The best Punisher stories are the ones that just let Frank be Frank. They don’t try to humanise him, they don’t try to diminish what he does or temper who he is, they don’t bury him in an endless ocean of psychoanalysis or attempt to justify his psychosis, they just point him in the direction of the bad guys and let Frank do the rest. Because at the end of the day, even though his audience can see method in his madness, can maybe offer a glimmer of understanding for his original motivation and sympathise with the heart breaking, tragic events that set him on his course, we know that in reality, Frank, thanks to his blinkered black and white view of the world, is a homicidal psychopath with the blood of thousands on his hands. But before his obsession with vengeance and his twisted take on justice transformed him into the Punisher, Frank Castle was a soldier. He was a decorated warrior and a natural tactician, a career military man who, if fate hadn’t turned his life upside down, should have risen to the very top of his chosen profession. And in War Machine, that’s the man that Nick Fury approaches to do a very specific job for him, one that Frank despite everything else that’s he done, can’t turn down. Because at the end of the day, Frank Castle is, was and always will be a soldier. And soldiers always do their duty.
The job that Fury wants Frank for is, in the grand scheme of things, relatively simple. He wants Frank to travel to an Eastern European country, meet some “interesting” revolutionaries and kill them all. It’s Fury working to the nth degree of plausible deniability, the ultimate spy masters idea of regime change. Send a psycho to kill a psycho, and in doing so, clean up the mess that S.H.I.E.L.D. left behind, the one that allowed a neo-nazi maniac and his bloodthirsty death squads to seize control of a country. But as crazy as Frank is, even he couldn’t take on an entire nation and win. Unless of course, he was armed with the right weapons; which is why Fury all but gives him the keys to War Machine and sends him on his merry way. And the result boys and girls, is every bit as bloody, brutal and violent as you’d hope it would be. The bodies get piled high, bones break, limbs get scattered here, there and everywhere and Frank doesn’t quit, despite the best efforts of foes and friends alike to get him to do so, until he’s fulfilled his mission, because in Franks’s world it’s either kill or be killed and it’s never over until the fat lady has been blown to pieces.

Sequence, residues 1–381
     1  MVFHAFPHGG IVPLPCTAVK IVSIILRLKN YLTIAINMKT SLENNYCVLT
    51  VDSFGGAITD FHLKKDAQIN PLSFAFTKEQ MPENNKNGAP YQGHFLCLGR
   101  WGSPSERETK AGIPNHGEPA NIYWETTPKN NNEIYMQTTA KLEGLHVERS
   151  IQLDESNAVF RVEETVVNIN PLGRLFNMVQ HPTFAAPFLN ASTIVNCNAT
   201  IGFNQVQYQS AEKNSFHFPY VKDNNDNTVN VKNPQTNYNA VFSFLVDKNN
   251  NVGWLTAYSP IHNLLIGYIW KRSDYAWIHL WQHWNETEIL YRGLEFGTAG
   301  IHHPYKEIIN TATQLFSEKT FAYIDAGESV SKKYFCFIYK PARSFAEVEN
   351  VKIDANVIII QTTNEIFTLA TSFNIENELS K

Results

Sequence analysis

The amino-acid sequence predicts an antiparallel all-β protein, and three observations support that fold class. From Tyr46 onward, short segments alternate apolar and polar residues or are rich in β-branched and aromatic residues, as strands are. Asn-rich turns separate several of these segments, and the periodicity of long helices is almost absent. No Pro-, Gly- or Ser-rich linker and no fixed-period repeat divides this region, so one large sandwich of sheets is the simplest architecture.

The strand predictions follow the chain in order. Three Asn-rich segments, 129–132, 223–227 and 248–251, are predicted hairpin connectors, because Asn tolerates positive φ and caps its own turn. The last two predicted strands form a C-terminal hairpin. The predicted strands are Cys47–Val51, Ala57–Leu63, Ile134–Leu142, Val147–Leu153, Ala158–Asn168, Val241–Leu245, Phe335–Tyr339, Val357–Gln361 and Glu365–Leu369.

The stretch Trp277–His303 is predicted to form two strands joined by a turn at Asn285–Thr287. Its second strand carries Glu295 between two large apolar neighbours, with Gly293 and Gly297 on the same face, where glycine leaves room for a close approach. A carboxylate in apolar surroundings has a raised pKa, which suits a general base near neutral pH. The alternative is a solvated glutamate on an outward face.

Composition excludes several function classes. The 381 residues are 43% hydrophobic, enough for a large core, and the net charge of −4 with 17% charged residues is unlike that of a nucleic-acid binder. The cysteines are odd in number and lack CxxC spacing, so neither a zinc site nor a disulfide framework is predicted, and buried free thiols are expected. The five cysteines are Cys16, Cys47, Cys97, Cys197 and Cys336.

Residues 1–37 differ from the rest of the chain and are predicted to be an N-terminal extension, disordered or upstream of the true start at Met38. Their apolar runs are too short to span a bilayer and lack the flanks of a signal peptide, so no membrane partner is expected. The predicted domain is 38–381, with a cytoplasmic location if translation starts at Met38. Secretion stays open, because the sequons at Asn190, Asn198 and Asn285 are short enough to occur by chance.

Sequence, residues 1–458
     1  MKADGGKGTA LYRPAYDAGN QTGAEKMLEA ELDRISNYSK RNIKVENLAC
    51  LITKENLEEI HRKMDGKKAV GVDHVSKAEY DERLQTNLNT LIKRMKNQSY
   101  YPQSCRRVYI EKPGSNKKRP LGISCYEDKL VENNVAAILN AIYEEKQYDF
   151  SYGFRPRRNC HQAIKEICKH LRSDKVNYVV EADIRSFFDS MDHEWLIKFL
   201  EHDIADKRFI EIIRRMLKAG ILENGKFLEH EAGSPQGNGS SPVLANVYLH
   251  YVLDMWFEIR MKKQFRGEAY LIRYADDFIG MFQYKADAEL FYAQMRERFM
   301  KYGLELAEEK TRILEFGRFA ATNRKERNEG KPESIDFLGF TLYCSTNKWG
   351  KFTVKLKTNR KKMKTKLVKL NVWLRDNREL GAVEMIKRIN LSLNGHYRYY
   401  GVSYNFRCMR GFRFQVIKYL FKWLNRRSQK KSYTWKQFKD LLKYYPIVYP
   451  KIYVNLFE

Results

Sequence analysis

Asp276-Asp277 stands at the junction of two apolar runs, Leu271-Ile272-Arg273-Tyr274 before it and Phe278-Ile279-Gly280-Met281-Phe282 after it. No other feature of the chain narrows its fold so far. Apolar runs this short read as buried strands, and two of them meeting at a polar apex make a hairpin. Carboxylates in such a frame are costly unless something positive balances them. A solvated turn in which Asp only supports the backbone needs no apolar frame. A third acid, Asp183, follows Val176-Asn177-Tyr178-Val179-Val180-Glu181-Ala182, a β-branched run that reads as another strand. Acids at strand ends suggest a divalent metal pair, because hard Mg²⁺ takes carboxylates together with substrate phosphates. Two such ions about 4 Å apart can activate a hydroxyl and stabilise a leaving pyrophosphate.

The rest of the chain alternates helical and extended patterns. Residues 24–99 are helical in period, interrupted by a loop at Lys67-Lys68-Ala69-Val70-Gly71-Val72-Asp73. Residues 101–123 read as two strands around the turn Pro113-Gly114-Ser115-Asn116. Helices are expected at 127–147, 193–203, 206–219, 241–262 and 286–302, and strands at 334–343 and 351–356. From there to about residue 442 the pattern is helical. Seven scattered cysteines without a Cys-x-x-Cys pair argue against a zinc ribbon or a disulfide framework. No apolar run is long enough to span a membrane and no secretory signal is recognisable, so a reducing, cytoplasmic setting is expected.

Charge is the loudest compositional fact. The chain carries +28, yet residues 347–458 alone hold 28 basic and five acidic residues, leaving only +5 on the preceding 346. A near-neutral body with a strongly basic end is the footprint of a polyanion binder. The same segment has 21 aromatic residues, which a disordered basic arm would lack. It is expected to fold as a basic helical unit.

Matthew Rosenberg doesn’t just follow the golden rule of good Punisher stories, he sticks to it like glue, clings on to it until his hands are raw and his mind is spent and War Machine is testament to his sheer wilful adherence to Frank’s first law. He lets Frank be Frank, but he also lets him be the soldier he was one more time. He gives him the right tools to do the highly questionable job that he’s been sent to do for the right reasons, and in doing so poses a question that no-one up until now has thought to ask. What would happen if Frank Castle was given the power of a demi-god? What would happen if instead of just having guns, explosive and knives at his disposal, Frank could fly at supersonic speeds, had multi-repeating cannons, missiles, a submissive artificial intelligence and enough armour to withstand a direct, point blank hit from a tank? Would he still focus on street level crime, or would he spread his gaze much further afield? Would Frank still be Frank? What do you think? Remember the unshakeable rule? Matthew Rosenberg does and along with his partners in crime, Guiu Villanova and Lee Loughridge who turn Franks world into a highly detailed, noir infused theatre of blood, bullets and pain, he delivers a high octane, thrill a minute, espionage packed story of redemption, punishment and justice that makes you question your moral compass and consider the possibility, for the briefest of moments, that maybe, just maybe, Frank is right. Oorah! Tim Cundle